Is Forex Trading illegal in the USA? The answer is no

Is forex trading illegal in the USA? I’m sorry I’ve been out of the trading industry since 2021 and it seems like a lot has changed with brokers. So does anyone know if it’s now illegal for retail trading in the USA?

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Not being a US Citizen, I only know through research into what is happening with Prop Firms. It seems no US Citizen can open an account with a regulated broker to trade CFD’s. Hopefully a US Citizen can shed some more light.
It also seems like MetaQuotes is doing all they can to prevent any US Citizen using MT4 or MT5.

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Retail forex will never be illegal in the USA. Use any broker you want in the world.

When you’re looking at sources re the legality of forex trading, you have to be careful about what is being meant by trading and where these rules apply. It’s almost universal that US writers are talking always about the situation in the US: writers from outside the US often take a wider view.

When some sources are talking about “forex” when they mean buying, holding and selling of actual currency. Currency trading is illegal in some jurisdictions except for the government. In many places in the world you need a licence to legally carry out currency trading, but these are for banks, no private retail trader is ever going to be issued with one of these to trade from home. In many places where currency trading is illegal, forex trading is legal.

Some types of trading are also illegal in some jurisdictions - spreadbetting forex or trading CFD’s are examples.

Note that a jurisdiction is not necessarily a whole country, it could be a state or province within the country.

In all cases where you can trade, check on the tax implications within your jurisdiction, these vary with little logic. For example, trading forex CFD’s in the UK is subject to Capital Gains Tax, spreadbetting the same markets is tax-free.

i am not a us citizen but as far as i know all brokers i follow stopped working with us citizens so some thing is happening

Forex trading is completely legal in the US. Brokers must be registered with the National Futures Association (NFA) to offer spot forex and futures trading to the US retail community.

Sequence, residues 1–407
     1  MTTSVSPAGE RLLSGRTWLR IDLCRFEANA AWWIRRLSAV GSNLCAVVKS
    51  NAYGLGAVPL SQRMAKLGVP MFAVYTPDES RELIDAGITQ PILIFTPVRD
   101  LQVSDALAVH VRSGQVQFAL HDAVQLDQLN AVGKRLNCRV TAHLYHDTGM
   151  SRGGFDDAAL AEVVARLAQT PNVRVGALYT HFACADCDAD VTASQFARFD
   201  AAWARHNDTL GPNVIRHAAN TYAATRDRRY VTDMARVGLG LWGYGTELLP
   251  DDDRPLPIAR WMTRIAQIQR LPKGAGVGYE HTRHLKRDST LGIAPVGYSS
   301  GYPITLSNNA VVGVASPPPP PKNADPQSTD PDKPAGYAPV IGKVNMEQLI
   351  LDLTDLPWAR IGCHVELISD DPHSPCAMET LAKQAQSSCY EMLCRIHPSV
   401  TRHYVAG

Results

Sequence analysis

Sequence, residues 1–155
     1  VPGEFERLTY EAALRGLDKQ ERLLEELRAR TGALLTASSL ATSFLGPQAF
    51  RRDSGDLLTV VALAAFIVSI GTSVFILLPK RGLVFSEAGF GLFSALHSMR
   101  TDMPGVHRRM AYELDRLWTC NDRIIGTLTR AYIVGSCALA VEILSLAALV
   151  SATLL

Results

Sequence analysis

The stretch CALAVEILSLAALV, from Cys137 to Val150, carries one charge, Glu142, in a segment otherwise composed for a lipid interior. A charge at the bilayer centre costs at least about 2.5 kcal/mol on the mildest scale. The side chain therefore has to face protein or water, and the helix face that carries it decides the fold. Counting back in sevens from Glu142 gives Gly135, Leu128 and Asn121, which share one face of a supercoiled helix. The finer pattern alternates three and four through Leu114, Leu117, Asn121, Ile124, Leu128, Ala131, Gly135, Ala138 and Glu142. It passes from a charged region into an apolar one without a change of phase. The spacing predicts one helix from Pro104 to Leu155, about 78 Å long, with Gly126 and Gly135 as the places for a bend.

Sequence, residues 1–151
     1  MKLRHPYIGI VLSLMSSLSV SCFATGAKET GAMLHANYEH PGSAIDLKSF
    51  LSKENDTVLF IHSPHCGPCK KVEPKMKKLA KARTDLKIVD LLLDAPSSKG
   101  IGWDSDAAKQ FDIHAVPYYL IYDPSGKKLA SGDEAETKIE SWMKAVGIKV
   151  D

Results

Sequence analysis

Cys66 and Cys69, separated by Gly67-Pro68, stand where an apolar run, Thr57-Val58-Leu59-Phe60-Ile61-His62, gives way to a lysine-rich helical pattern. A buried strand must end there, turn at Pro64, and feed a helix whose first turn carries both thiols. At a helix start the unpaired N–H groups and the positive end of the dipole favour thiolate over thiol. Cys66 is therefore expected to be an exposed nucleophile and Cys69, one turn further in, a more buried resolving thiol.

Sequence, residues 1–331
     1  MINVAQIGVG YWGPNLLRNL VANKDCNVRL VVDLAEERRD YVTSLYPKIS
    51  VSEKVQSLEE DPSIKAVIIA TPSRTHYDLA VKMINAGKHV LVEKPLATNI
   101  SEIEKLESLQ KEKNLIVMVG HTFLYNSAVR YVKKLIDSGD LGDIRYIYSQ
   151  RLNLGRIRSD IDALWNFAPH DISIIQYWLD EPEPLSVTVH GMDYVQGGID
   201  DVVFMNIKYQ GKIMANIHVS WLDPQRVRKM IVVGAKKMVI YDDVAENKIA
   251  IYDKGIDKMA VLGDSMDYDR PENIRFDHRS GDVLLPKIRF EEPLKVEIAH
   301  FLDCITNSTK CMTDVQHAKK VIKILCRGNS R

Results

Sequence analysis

You are limited to a select few regulated brokers in the US. That list is comprised of the following companies:

Spot Forex Trading

  • (GAIN Capital)
  • Oanda
  • IG US
  • TD Ameritrade

Futures Trading (most popular, not exhaustive)

  • Tastytrade
  • GAIN Capital
  • TD Ameritrade
  • Plus500
  • Interactive Brokers
  • Charles Schwab
  • Tradestation
  • Ninjatrader
  • CME
  • Etrade
  • Optimus Trading

You can use the NFA’s BASIC Search website to determine if a broker is regulated to provide spot forex trading in the US.

Look for a registration type that matches Retail Foreign Exchange Dealer after entering your search term.

While there are many other fx brokers around the world, both regulated and not regulated, you’ll want to make sure a particular broker actually supports US accounts.

As for the news cycle, if you’ve been hearing about "trading services " being stopped or “US client acquisition in the US halted”, it’s probably related to several prop trading firms ending support for their US clients. The primary issue revolves around prop trading firms no longer being able to use/license MetaQuotes MetaTrader 4 and MetaTrader 5 trading platforms for their business operations.

Read more here:



100 percent true, I was enjoying a broker and suddenly they said I have to part ways with them

As you can see from Pipstradamus’s post above (and from his editing of the thread’s subject-line to avoid any chance of misunderstandings about this subject) that’s actually a very mistaken perception.

No, @Jenirogan, it really isn’t 100% true at all. As you can see from the post just above yours.

Sure. Nobody’s questioning that. But it doesn’t mean that what BAD14214 said is correct.

And it isn’t correct.

What’s happening at the moment is that Metaquotes (who own and market MT4/5) is running scared of US regulators and it’s not allowing market-maker “brokers” who are not US-regulated to offer CFD’s via their platforms to US citizens.

The possible answers to that problem, for US citizens/residents include the following:

(a) Switch to futures (best answer)

(b) Use a US-regulated brokerage and whatever platform you like (reasonably good answer)

(c) Use a non-US-regulated (offshore) broker who will offer US citizens/residents CFD accounts using a different, non-MT, trading platform (really bad answer, and could easily be only temporary anyway)

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Definitely best, but it also makes much higher leverage available, with which people not used to it will need to take great care!!